The interaction surfaces for DNA and BAF are located exclusively in the LAP2‐N and LAP2‐C domains, respectively. These interaction surfaces involve similar regions of the two domains, specifically helix 1, the loop that connects helices 1 and 2, and the N‐terminal residues of helix 2. The distinct selectivities of LAP2‐N (which binds DNA) and LAP2‐C (which binds BAF) are determined by their surface residues in these locations: predominantly positively charged in the case of LAP2‐N, and mainly hydrophobic for LAP2‐C. In addition, we show that the convex interaction surface on LAP2‐C is complementary both in shape and composition to the concave interaction surface on BAF. Our results suggest that LEM and ‘LEM‐like’ motifs, originally defined by sequence homology and hydrophobic cluster analysis (Lin et al., 2000), form a conserved structural module that has been customized during evolution for binding to either BAF or DNA (and possibly additional ligands) through changes in its surface residues. We have designated the BAF‐binding and DNA‐binding modules as LEM‐B and LEM‐D, respectively.
We discovered that the constant region of LAP2 interacts directly with DNA, through its LEM‐D domain. The LEM‐D domain (residues 1–50) appears to be biologically relevant. It is located within residues 1–88 of rat LAP2, which interact with chromatin in vitro (Furukawa et al., 1997). Furthermore, in a mutational analysis of Xenopus LAP2, alanine substitutions in LEM‐D (equivalent to human residues Arg33/Lys34/Asp35; mutant m4) completely blocked the activity of the LAP2 constant region in nuclear assembly extracts (Shumaker et al., 2001). This same mutant protein exhibited normal binding to BAF and the BAF–DNA nucleoprotein complex, suggesting that direct binding between LAP2 and DNA is relevant to its function during nuclear assembly. Our present data indicate that the two domains are structurally independent of each other. This does not mean, however, that they are functionally independent. We propose that DNA binding by LEM‐D may be important in vivo, because it could stabilize the attachment of LAP2 to BAF–DNA complexes on chromosomal DNA. Interestingly, emerin and MAN1 both lack the LEM‐D domain, and their interactions with BAF bound to chromosomal DNA might therefore be weaker than LAP2.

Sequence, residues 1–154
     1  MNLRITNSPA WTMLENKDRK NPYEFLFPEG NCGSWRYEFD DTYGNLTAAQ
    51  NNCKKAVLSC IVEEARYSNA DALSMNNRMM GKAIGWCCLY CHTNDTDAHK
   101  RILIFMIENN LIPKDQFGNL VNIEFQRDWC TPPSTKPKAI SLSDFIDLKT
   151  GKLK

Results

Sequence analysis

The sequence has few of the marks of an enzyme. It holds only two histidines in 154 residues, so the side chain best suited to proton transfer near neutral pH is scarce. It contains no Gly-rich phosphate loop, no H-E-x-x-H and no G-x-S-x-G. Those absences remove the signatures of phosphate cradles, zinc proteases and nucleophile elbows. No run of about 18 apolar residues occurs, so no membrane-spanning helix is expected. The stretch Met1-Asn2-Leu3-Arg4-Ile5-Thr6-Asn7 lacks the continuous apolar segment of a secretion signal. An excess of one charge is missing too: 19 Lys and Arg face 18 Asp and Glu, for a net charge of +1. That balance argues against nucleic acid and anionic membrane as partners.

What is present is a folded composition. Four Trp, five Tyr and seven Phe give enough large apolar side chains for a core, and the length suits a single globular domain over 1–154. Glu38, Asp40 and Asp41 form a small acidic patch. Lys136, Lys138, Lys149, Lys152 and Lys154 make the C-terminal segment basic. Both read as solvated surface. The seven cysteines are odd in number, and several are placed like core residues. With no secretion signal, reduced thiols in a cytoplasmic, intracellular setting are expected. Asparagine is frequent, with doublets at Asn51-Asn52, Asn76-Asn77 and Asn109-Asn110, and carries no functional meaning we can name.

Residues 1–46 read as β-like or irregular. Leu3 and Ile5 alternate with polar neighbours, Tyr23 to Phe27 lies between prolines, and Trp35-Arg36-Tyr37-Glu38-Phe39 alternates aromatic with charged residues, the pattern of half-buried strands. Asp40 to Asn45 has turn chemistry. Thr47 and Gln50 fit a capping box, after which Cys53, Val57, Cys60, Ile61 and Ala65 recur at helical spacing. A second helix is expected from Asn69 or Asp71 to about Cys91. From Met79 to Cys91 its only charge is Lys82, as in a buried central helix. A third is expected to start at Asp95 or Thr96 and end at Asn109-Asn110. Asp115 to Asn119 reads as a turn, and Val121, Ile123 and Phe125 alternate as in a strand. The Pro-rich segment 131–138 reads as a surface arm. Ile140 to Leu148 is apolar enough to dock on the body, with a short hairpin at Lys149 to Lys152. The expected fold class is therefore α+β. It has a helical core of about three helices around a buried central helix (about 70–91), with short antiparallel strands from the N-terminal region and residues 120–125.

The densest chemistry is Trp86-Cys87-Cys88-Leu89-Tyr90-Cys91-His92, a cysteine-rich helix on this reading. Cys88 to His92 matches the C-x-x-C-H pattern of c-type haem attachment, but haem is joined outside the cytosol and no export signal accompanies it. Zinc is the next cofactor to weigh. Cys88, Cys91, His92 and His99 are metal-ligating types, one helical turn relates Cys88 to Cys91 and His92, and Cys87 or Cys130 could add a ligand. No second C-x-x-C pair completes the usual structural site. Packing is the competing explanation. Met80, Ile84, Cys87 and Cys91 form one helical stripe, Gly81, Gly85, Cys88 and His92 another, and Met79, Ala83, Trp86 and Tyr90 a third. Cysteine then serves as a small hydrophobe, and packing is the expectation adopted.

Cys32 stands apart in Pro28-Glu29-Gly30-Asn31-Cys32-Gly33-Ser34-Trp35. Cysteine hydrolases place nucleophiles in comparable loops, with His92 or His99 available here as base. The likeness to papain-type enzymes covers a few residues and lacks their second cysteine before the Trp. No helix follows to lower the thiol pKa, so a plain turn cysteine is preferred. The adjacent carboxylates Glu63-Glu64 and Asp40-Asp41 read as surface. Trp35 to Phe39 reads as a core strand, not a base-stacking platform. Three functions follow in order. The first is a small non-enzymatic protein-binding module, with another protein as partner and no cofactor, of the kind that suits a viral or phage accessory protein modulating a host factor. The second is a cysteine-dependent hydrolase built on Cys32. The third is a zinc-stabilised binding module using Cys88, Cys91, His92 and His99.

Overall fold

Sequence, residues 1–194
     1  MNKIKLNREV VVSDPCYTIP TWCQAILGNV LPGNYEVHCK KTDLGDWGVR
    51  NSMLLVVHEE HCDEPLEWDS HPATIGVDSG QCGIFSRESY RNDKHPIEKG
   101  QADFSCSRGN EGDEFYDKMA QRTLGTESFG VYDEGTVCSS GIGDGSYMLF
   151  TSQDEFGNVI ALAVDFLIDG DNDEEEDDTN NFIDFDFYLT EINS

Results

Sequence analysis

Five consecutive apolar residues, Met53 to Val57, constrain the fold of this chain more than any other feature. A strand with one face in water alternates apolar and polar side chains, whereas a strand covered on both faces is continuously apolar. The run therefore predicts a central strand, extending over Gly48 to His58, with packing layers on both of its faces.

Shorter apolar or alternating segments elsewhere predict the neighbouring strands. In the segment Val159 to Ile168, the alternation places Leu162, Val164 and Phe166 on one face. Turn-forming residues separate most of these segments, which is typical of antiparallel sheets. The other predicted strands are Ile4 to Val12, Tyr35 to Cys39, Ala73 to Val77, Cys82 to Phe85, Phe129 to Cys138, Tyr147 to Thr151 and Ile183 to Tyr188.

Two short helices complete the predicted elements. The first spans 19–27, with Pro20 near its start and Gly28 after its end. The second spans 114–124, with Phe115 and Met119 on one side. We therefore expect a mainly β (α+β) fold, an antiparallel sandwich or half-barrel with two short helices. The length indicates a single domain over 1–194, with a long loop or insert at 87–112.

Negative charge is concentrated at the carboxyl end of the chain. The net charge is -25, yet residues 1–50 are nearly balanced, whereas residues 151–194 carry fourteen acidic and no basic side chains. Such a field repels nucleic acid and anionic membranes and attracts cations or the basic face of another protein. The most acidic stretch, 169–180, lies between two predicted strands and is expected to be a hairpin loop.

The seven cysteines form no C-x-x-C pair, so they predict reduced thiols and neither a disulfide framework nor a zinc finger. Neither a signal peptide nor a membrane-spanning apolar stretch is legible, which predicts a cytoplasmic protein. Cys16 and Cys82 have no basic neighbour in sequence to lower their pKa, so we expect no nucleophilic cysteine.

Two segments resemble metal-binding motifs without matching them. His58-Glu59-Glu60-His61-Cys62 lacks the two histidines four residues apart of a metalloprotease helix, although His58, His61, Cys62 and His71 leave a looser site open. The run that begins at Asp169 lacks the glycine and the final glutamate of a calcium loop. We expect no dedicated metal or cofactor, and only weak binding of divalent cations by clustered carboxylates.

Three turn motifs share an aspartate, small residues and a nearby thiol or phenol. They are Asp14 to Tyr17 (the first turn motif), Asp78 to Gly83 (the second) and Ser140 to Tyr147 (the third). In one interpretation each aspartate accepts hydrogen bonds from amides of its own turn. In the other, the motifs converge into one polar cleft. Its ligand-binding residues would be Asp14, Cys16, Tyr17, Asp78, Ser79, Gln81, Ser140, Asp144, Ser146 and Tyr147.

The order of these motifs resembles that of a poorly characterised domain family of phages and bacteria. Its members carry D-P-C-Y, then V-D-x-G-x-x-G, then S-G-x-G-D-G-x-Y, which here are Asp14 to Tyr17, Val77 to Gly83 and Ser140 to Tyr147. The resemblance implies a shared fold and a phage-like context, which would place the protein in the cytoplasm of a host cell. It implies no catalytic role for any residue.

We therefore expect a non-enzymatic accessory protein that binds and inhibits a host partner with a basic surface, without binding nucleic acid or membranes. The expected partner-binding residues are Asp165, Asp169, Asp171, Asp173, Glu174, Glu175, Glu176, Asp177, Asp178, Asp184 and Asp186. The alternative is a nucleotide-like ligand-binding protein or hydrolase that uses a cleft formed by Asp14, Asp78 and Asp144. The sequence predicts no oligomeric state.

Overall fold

We propose that the constant region of LAP2 consists of two small functional ‘beads’ on a flexible ‘string’. A flexible, modular arrangement for membrane‐anchored LAP2 proteins is logical, given that LAP2 may interlink the lamin filaments and chromatin, both of which are unusually long, large and dynamic structures. Flexible modular function is also consistent with the existence of numerous splicing isoforms of LAP2, many of which differ by the loss of one or a few exons (Berger et al., 1996; Gant et al., 1999). It would be interesting to determine the structure of the predicted lamin‐binding ‘module(s)’ in the variable regions of LAP2 (Furukawa et al., 1998; Dechat et al., 2000b), and to look for new structural modules, to test the idea that LAP2 consists entirely of structural ‘beads on a string’.